UK government proposes further changes to TUPE

As part of its “Smarter regulation to grow the economy” initiative, the UK government is consulting on further changes to TUPE. These include making it clear that TUPE applies to employees, not the wider category of workers, and ensuring that if a service is transferred to several different providers, contracts of employment are not split between multiple employers.

British employment law is gradually beginning to diverge from the EU-derived law that continued to apply when the UK left the EU. After a consultation in 2023, the government relaxed the rules on informing and consulting employees on a TUPE transfer.

On 16 May 2024, it proposed further changes to TUPE, apparently in response to issues raised during the earlier consultation exercise. The current consultation suggests amending the definition of employee in TUPE and clarifying what happens to employment contracts if a service is split between multiple employers after a transfer.

Although these are not major changes to the way TUPE operates, they are sensible reforms that streamline the law without undermining fundamental employment rights.

Definition of employee

TUPE applies to “any individual who works for another person whether under a contract of service or apprenticeship or otherwise but does not include anyone who provides services under a contract for services”. This is similar but not identical to the definition of employee in the Employment Rights Act and there was an historic assumption that it meant that TUPE applied to employees but not the wider category of “limb b” workers.

However, in 2019 the employment tribunal decision in Dewhurst v Revisecatch Ltd t/a Ecourier found that the Acquired Rights Directive on which TUPE is based covered workers, not just the narrower group of employees. As TUPE defines an employee as someone working for someone else under a contract of employment “or otherwise”, the tribunal decided that it applies to someone working under a contract personally to perform work. This led to a risk that discrimination, holiday pay or minimum wage liabilities for “limb b” workers could pass from a transferor to a transferee. Workers would also need to be included in information and consultation processes.

Although a decision at tribunal level is not binding and there is no appellate authority on the point, the government is now proposing to amend the definition of employee in TUPE specifically to provide that it does not include “limb b” workers. This would give transferors and transferees greater certainty about who is protected by TUPE and the liabilities that could transfer.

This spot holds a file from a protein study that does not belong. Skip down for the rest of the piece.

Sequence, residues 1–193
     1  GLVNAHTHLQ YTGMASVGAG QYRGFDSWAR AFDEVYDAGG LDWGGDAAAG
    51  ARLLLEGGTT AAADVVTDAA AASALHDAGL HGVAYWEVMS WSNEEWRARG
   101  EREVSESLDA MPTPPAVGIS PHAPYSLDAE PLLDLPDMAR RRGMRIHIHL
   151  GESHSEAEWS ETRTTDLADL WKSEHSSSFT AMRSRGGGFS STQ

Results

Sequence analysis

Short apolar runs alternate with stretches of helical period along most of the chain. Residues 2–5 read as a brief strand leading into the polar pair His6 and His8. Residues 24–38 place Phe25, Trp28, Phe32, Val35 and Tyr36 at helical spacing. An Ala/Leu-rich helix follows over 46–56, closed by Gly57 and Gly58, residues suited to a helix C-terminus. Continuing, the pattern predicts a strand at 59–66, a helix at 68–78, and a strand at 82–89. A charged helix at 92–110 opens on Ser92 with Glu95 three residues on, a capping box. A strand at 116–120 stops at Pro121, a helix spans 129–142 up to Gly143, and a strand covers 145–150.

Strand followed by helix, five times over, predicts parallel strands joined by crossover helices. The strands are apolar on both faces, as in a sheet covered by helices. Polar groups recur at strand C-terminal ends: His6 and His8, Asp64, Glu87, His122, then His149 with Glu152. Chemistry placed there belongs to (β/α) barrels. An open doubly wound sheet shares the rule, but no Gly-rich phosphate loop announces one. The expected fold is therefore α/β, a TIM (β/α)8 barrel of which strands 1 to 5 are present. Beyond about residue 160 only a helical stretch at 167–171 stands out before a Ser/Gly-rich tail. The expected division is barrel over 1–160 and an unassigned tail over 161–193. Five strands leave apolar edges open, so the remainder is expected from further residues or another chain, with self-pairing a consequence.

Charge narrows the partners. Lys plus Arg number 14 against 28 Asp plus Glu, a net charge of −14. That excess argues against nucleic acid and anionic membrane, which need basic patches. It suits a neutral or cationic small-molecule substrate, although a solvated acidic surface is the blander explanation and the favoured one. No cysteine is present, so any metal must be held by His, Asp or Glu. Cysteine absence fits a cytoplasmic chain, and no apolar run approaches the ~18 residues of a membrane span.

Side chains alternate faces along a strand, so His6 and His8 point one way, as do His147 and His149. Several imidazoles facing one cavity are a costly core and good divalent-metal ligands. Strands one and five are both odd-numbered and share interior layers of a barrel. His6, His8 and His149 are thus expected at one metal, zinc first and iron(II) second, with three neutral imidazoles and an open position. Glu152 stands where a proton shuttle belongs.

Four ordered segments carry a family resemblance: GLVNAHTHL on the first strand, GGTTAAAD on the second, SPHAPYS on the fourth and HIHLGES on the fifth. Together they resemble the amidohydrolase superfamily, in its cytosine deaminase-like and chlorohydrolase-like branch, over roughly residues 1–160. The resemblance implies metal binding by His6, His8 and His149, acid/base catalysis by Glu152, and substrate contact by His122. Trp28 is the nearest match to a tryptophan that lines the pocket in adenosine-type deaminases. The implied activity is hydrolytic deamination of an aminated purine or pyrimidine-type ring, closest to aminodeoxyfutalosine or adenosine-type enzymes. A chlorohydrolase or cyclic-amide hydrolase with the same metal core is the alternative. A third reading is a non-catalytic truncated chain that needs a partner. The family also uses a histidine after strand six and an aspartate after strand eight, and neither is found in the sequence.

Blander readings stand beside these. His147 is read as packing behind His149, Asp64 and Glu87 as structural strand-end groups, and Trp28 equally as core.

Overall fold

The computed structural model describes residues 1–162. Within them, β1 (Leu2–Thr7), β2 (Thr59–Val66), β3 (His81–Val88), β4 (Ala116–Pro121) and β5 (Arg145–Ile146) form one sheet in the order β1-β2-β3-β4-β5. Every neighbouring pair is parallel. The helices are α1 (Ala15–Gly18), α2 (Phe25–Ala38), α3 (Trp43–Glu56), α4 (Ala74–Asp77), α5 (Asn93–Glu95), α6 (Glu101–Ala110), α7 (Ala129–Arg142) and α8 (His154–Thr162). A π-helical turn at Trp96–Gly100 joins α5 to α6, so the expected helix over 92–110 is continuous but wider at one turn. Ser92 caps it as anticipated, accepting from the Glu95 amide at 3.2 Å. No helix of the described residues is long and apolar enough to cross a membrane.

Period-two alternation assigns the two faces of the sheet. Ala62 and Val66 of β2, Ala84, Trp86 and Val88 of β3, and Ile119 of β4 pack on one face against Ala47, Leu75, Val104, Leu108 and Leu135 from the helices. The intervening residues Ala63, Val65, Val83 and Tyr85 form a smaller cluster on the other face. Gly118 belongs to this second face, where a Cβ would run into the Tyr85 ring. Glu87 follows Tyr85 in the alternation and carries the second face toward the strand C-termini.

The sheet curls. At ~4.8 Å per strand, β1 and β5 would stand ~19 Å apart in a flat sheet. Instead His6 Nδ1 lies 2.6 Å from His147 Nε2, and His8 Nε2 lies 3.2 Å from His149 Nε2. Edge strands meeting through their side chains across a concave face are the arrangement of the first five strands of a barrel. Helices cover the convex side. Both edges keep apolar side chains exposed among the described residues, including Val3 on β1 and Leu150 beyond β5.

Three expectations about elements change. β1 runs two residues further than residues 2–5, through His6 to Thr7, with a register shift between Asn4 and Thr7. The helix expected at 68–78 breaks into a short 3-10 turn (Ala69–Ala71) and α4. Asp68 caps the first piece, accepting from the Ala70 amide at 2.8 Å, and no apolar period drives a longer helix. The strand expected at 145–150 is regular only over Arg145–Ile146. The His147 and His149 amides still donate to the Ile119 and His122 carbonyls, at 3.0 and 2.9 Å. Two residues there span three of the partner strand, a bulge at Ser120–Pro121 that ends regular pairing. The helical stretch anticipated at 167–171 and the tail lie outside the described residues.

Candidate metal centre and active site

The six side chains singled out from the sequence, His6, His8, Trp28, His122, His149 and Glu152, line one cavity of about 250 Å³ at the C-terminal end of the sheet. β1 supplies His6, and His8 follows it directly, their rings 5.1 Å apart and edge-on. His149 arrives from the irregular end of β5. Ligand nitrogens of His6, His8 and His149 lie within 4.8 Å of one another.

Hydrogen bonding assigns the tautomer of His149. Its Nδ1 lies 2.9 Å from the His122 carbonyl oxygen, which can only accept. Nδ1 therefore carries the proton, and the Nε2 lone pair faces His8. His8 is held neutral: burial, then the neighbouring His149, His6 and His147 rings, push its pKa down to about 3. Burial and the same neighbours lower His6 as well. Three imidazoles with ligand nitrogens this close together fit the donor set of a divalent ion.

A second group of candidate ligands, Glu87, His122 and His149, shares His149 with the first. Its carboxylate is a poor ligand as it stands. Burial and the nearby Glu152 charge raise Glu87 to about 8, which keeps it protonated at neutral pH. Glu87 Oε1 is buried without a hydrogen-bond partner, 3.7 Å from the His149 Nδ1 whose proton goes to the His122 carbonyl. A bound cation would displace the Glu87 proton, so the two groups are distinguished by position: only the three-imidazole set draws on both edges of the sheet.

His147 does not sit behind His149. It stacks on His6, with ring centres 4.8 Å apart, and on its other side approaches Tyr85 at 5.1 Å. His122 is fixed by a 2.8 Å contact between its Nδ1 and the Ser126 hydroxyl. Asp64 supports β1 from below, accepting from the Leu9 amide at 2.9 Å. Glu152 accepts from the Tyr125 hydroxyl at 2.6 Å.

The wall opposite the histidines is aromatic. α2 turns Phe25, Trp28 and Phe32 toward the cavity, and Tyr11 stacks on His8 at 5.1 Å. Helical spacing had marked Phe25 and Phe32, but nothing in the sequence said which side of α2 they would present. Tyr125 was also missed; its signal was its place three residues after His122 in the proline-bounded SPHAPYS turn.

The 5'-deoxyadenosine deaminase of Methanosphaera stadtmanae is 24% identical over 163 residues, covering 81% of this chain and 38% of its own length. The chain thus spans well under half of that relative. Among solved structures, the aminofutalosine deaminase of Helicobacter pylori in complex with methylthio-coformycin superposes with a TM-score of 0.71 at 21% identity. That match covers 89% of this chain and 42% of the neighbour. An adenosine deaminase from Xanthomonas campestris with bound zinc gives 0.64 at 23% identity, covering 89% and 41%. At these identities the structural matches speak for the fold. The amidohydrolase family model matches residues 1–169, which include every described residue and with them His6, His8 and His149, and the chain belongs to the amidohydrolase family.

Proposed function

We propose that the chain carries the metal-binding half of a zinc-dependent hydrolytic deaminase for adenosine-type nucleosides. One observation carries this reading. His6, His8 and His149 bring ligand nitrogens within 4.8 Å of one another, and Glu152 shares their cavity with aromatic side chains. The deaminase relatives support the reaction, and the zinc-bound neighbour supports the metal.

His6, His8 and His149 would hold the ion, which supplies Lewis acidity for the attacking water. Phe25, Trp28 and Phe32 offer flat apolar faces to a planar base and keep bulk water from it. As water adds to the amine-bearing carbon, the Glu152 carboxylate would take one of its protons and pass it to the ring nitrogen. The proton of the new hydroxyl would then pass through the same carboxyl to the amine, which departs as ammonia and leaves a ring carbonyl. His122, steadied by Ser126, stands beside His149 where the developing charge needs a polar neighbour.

Split services

Another complex issue is what happens to contracts of employment when a service that was originally provided by one organisation is split between different providers after a transfer. For example, a contract to provide maintenance at several buildings could be awarded to a different contractor at each building after a re-tendering exercise. 

Until the CJEU decision in ISS Facility Services v Govaerts, it was generally assumed that as long as the requirements for a service provision change were met, employees would transfer to one of the incoming service providers (typically the one that had taken on the greater part of the pre-transfer services). In some cases, the provision of the services after the transfer might be so fragmented that TUPE did not apply at all. The CJEU then found that, in principle, there was no reason why employees’ contracts of employment could not be split between all the incoming providers in proportion to the work carried out.

That decision obviously raised difficult practical questions about how such a split would operate. To remove those difficulties, the government is consulting on amending TUPE to ensure that employment contracts are not split in that way. Instead, service providers would be required to agree who would be responsible for each employee’s contract after a transfer. The consultation paper does not address what would happen in a situation in which incoming service providers (who are often competitors) are unable to agree how to divide employees.

Next steps

The consultation closes on 11 July 2024. The government is asking in particular for views on:

  •  The effects of the decision in Dewhurst for employers or workers;
  • How common split transfers are; and
  • The practical considerations that arise on a split transfer.



Authored by Jo Broadbent, Eleanor Doubleday and Stefan Martin.

Ed Bowyer
Stefan Martin
Eleanor Doubleday
Languages English
Topics Employment
Countries United Kingdom


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